Weekends in A&E – The Baby


As I  mentioned in previous blogs I loved the buzz that A&E brought. I worked with the “On Call” duty Doctor. This was a scheme whereby if you called your surgery out of hours you would be put through to a Doctor for advice or asked to come along to see him at the Local Treatment Centre – which was held in the local A&E Department.

Working with the Doctor we really only seen minor illnesses – some we did refer on to
the hospital if someone needed admitting or seeing a specialist but mainly they were just routine coughs and colds. But working in the A&E reception area I witnessed some of the more critical cases that came in. One that comes to mind and I still find very upsetting when I think about  it………….

 It was a Saturday night around 10 pm  – I sat in front of a window in the A&E Reception office,  my window  faced the emergency doors that the ambulances arrived with the patients.  The critical cases were brought straight into the resuscitation area and bypassed the A&E waiting room.

The ambulance pulled up I knew straight away that it was urgent as they had their blue lights on and came in at quite a speed.

Before the ambulance came to a stop the back doors opened and a young man got out
screaming and shouting running around like a person possessed. I wondered what on earth was happening – I wondered if the man was possibly drunk – how wrong was I.

Just behind this man one of the paramedics jumped out of the ambulance and in his
arms was a baby – he dashed in through the doors. I later found out she was 10 months old. She was wearing purple and pink pyjamas. I can still see her little lifeless body in the arms of the paramedic. He rushed her into the resuscitation area.

I soon found out that the man – her daddy – was looking after his daughter while his
wife was at work – she only worked a Saturday evening. He went upstairs to check on her and found her dead in her cot. The ambulance crew arrived and worked on her and rushed her into the hospital.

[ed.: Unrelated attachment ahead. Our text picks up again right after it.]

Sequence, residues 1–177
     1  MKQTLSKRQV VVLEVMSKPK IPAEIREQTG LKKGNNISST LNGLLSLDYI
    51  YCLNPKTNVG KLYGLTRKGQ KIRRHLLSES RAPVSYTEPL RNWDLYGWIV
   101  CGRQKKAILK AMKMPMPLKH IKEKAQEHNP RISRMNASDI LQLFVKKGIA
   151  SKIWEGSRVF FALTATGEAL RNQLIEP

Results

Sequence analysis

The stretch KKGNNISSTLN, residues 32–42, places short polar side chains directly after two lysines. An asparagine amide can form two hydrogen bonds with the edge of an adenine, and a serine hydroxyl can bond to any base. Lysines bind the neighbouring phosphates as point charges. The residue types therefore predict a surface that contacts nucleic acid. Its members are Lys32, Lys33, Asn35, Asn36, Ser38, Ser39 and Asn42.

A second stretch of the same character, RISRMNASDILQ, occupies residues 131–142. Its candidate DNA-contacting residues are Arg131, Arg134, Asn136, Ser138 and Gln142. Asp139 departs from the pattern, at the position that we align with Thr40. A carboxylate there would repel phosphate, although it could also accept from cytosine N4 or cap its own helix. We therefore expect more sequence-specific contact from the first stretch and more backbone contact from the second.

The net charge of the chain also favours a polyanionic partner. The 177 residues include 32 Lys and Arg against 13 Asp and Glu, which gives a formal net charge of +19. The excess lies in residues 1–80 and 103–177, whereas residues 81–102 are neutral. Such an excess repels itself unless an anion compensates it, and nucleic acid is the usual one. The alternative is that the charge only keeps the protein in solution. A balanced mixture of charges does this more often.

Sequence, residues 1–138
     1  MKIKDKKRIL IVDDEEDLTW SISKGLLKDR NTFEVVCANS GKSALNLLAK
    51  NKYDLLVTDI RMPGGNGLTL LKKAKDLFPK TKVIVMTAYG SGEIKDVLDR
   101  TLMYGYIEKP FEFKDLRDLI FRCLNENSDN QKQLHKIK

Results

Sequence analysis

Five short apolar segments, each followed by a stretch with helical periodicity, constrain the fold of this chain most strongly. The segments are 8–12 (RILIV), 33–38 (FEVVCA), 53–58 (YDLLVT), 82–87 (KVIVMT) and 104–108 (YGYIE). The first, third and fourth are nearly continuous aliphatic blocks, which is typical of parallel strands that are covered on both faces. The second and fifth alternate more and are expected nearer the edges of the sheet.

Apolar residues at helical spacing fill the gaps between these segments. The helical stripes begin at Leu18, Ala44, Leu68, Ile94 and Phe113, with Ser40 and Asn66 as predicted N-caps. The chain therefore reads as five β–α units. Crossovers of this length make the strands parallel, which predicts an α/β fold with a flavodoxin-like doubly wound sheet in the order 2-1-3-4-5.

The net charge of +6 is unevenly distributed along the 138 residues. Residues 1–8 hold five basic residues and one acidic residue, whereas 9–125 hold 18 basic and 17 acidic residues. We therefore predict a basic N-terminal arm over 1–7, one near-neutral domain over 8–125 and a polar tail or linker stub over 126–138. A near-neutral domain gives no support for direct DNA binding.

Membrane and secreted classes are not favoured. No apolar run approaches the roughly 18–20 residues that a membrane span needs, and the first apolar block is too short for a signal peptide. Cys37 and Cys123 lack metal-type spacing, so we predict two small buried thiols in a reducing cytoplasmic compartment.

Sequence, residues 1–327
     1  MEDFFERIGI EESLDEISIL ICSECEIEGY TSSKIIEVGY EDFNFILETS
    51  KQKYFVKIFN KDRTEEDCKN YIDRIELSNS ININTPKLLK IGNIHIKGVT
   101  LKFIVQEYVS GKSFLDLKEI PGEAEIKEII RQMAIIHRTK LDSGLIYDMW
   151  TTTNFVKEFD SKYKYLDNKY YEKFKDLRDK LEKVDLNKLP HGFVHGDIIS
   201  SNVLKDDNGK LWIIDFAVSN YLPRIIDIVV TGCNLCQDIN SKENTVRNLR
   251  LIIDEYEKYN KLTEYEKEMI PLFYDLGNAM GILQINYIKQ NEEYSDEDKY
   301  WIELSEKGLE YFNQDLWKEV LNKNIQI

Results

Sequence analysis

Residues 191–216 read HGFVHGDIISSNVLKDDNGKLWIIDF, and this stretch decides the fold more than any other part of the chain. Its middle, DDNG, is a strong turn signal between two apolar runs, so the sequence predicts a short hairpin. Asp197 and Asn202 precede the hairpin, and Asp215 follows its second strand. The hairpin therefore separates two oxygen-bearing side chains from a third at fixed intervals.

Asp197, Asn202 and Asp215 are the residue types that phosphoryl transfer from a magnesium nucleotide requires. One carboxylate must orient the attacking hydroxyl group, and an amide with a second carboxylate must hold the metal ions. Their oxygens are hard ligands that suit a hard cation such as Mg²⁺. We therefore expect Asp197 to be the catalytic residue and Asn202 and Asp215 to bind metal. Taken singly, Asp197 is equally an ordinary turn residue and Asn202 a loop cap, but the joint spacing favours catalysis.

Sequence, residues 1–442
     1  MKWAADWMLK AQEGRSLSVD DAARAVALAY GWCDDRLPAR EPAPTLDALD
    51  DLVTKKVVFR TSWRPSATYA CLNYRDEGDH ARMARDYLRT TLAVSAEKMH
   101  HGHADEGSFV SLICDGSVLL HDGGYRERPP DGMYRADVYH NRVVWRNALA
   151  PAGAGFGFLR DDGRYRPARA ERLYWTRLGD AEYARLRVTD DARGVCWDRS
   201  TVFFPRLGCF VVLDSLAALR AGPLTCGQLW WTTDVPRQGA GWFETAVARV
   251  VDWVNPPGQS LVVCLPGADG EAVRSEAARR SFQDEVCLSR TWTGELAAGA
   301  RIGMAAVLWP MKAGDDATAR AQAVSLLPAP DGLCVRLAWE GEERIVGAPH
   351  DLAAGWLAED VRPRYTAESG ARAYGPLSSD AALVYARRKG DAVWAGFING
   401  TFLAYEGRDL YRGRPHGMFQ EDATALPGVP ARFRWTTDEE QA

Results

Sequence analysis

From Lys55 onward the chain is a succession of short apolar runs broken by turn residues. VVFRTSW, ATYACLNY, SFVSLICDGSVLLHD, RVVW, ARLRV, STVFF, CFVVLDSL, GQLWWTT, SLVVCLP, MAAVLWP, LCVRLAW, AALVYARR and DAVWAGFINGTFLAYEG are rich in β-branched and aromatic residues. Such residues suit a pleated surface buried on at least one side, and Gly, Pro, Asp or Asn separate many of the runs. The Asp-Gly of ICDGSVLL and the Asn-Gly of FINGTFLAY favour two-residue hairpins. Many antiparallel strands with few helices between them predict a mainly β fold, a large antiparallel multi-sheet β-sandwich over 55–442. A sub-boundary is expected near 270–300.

The team of dedicated doctors and nurses worked on the little one for over 30 minutes, sadly they couldn’t save her.

But the thought that stays with me was looking into the ambulance some 10 minutes later
to see the paramedic holding a blanket sobbing his heart out. That did reduce me to tears too and seeing the effect that it had on this paramedics and not only him but the whole department. Everyone was just devastated. That night made me realise how much these daily occurrences affect the people who work in the department.

I arrived for work the following morning – the department was still very subdued from
the events the night before. We were told at reception that the parents of the baby would be coming in that morning to see their baby – we were told to notify one of the senior Managers on their arrival.

The parents arrived around 11.00 – you could see the pain on their faces – it was just awful. They were met by the Manager and took away – we never seen them again.

Then one of the nurses came out into reception. In a file she had a hand print and
footprint of the baby – the parents would be told that it was available for them if they wanted it – if they declined it would be kept for years – in the event that they changed their minds at a later date and wanted the precious prints of their beautiful little angel.

One thing I did learn very quickly working at A&E you never knew what was ahead
when you went in through the doors – you didn’t know what the day ahead was
going to bring.

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